‘One School at a Time’ Encourages Students to Help Protect Puget Sound

Henry M. Jackson High School Students pose in front of the planted rain garden.

Henry M. Jackson High School Students pose in front of the planted rain garden.

Four rainwater harvesting systems, two rain gardens, one Depave (removing pavement) project, and one sustainable landscape – that’s how many school projects we’ve installed this school year working with K-12 students in our Puget Sound Starts at My School program which finished on June 30th. Needless to say, we’ve been busy at Snohomish Conservation District!

Working alongside District engineer Derek Hann, 658 students helped plan, design, install and maintain Green Stormwater Infrastructure (GSI) projects to address stormwater pollution at their respective schools. Students also received numerous hands-on classroom lessons about the impacts of impervious surfaces on the water cycle from the District’s education team. A total of 1,243 student contact hours were logged. Grant funding provided by National Fish and Wildlife (NFWF) and Snohomish Conservation District Assessment Funding covered program expenses to make these school projects possible.

The newly installed stormwater projects at these schools will help divert and filter an estimated 435,767 gallons of stormwater every year. 

It’s pretty powerful to think that a project high school seniors put in this year will continue to protect Puget Sound, even as those students head out into the world to new cities, careers, and colleges. Same goes for 5th graders who will be moving on to middle school.  That’s the power of hands-on projects such as these. Students have the opportunity to go beyond textbooks to make a real and lasting difference in their community.

For some graduating seniors at Jackson High School and Cascade High School in Everett, participating in the program meant planting their first plants ever. They also realized how long a project takes to be completed, and how vital it is to engage stakeholders such as the School District’s Head of Maintenance and the school Superintendent early on. One Jackson senior wrote, “I learned how hard it is to get stuff approved, how easy it is to help reduce our stormwater, and how fun it can be.”

For Utsalady Elementary Garden Club Members on Camano Island, the Cistern Project at their school means they’ll have most of their edible garden summer watering needs covered. This is especially important because minimizing withdrawal pressure on local aquifers helps reduce the risk of seawater intrusion, a threat many islands in our region face. If Camano residents followed suit by installing rain barrels at their own homes, it would help reduce aquifer withdrawals substantially, especially during dry summer months when an estimated one third of all residential water usage is for landscaping/lawn irrigation.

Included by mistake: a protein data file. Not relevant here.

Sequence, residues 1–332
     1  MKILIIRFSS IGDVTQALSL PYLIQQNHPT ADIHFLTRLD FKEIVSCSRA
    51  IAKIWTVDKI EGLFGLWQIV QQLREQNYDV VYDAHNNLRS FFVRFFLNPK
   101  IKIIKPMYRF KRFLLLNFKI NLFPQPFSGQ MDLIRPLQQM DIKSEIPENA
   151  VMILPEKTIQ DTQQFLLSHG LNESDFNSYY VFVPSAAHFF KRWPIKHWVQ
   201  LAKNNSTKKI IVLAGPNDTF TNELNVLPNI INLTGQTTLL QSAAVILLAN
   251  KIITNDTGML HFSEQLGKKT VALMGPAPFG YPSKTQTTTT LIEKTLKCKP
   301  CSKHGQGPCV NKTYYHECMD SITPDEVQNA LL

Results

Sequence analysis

We hope that adults will be inspired by these youth-driven green stormwater projects by taking similar actions at their own homes. Residential rain gardens, rain barrels, cisterns and sustainable landscapes are great ways to reduce stormwater pollution while also conserving water.  Snohomish Conservation District often has funding available to landowners who want to install a stormwater project - either through special grant funding in target areas, or with residential cost-share funds allocated through the District’s annual assessment. This funding is available to eligible homeowners throughout Snohomish County and Camano Island, with priority given to projects that show the greatest benefit to water quality and groundwater protection. To learn more, check out our Sound Homes webpage.

School Projects at-a-Glance

Cascade High School Parking Lot Depave and Rain Garden Project

  • Approximately 322,538.6 Gallons/year of parking lot runoff will be diverted and filtered 

Jackson High School Rain Garden & Sustainable Landscaping Projects

  • Approximately 90,000 Gallons/year of roof and pavement runoff will be filtered 

Arlington High School Rainwater Harvesting System

  • Approximately 880 gallons of stormwater coming off of the school's greenhouse will be stored and utilized for growing plants year round. Because the barrels will be filled and emptied multiple times (approximately 10) over the course of the year, the system will divert an estimated 8,800 gallons every year from flowing into storm drains untreated.

Utsalady Elementary School Cisterns

  • Two 'upcycled' shipping totes have been transformed into a 550-gallon cistern system that will collect and store an estimated 5,550 gallons of stormwater coming off of the school's portable classroom, adjacent to the school's edible gardening beds. The harvested rainwater will cover almost all of the watering needs for these gardens.

Weston High School Cisterns

  • Two 'upcycled' shipping totes have been transformed into a 550-gallon cistern system that will collect and store an estimated 5,550 gallons of stormwater coming off of the school's greenhouse. The harvested rainwater will used to grow edible plants in the greenhouse year round.

Seattle Hill Elementary Rain Barrel System

  • A 6-barrel, 330-gallon rain harvesting system was installed at the school portable by SCD's WCC crew. Water will be used for the school's new garden beds and an estimated 3,330 gallons will be collected and used annually. This was paid for with SCD Lawns to Lettuce grant funding and education was provided through NFWF grant funding.